Regulation can be a great reason to behave well, though industry rarely sees it that way.
After five years of planning, 1.5 million comments, intense lobbying from the oil and gas industry, and innumerable photos of tap faucets on fire, the Bureau of Land Management has finally announced new regulations for fracking.
The promise of the rules is robust: we can continue to reduce carbon in the atmosphere, transition from coal to a cleaner burning fuel, and continue to drastically reduce our dependence on imported energy -- while, thanks to the new rules, eliminating ground and water contamination from fracking. Industry is forced to behave well and thereby forestalls its most serious opposition.
The rules only cover federal and tribal lands, representing just 11 percent of the natural gas the U.S. consumes, with the hope that operators on state and private lands will follow suit. But still, whatever the regulations do cover should be a satisfying start, shouldn't it?
In fact, the rules satisfy no-one. News reports from both sides of the issue claim the regulations are deeply flawed. As reported in The Huffington Post, environmental groups call it "toothless," faulting the exceptions loophole and inspections that are delayed until 30 days after fracking wells are in place. A Harvard Law School study found that the reporting mechanism stipulated by the regulation called "FracFocus," a chemicals tracking registry used voluntarily by Exxon Mobil and other drillers, fails as a fracking disclosure tool.
On the other side, The Wall Street Journal reports that that the industry was so outraged that it "filed a lawsuit to block the rules just minutes after they were announced."
That lawsuit can't be due to the expense of conforming to the new rules, but that's their excuse. The government estimates the cost of the new safety procedures at $11,400, or less than 1 percent of the cost of drilling a well. Even so, Barry Russell who runs the Independent Petroleum Association, one of the groups suing over the new regulations, insists in the Journal that "At a time when the oil and natural-gas industry faces incredible cost uncertainties, these so-called baseline standards will threaten America's economic upturn, while further deterring energy development on federal lands."
It makes more sense that this most powerful industry would resist anyone telling them what to do.
So who is suffering most from the new fracking rules, environmentalists and the citizens they represent, or the oil and gas industry?
Should be an easy call. Fracking has been linked to dire health problems, smog, and water, landscape and wildlife devastation. Federal half-measures must be painful for everyone who lives within contamination range of a fracking operation.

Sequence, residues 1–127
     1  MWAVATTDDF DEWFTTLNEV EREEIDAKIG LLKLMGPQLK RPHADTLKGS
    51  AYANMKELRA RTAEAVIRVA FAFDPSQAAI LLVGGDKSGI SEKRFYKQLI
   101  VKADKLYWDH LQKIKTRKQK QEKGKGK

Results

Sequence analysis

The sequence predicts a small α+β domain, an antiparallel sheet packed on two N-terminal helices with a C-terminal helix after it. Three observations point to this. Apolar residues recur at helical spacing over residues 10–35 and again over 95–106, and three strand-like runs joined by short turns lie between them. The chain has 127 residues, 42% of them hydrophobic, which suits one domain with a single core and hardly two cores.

But for the oil and gas industry, weak fracking regulations might end up being detrimental too. Consider this: many localities are issuing fracking moratoriums and bans, from cities and counties across Texas, Ohio, California, and New Mexico to New York State, Pennsylvania and Hawaii. Nation-wide fracking bans are in place in countries including France, Germany and most recently Scotland.
Even with a U.S. ban on fracking only a distant possibility, couldn't strong U.S. regulations eventually prove fracking's workability as a bridge to a greener future, ensuring it is protected from a ban?
That's exactly what the sustainability community hoped would happen with new regulation. Many want to support natural gas to reduce atmospheric carbon, but they don't like the risk associated with ground water contamination. Socially responsible investment managers such as Green Century and Sentinel are demanding companies that frack commit to insuring environmental safety and best practices. Tougher regulations could have gone much further in meeting these investor demands.
Likewise, Corporate Social Responsibility (CSR) sites that guide consumer and institutional behavior such as data aggregator CSRHub highlight "fracking" as a special issue tag, to identify the sixty one companies involved in fracking.
Weaker rules allow oil and gas companies that frack (and that's 90 percent of new wells) to continue to contaminate public water and land, while stronger rules could have forced them to behave as good corporate citizens.
Fracking has allowed natural gas companies to become heroes in one sense, offering a cleaner-burning alternative to coal. Loose regulations imply a license to pollute. And that's got to hurt everyone.
Photo courtesy of Steven Jurvetson via Flickr CC.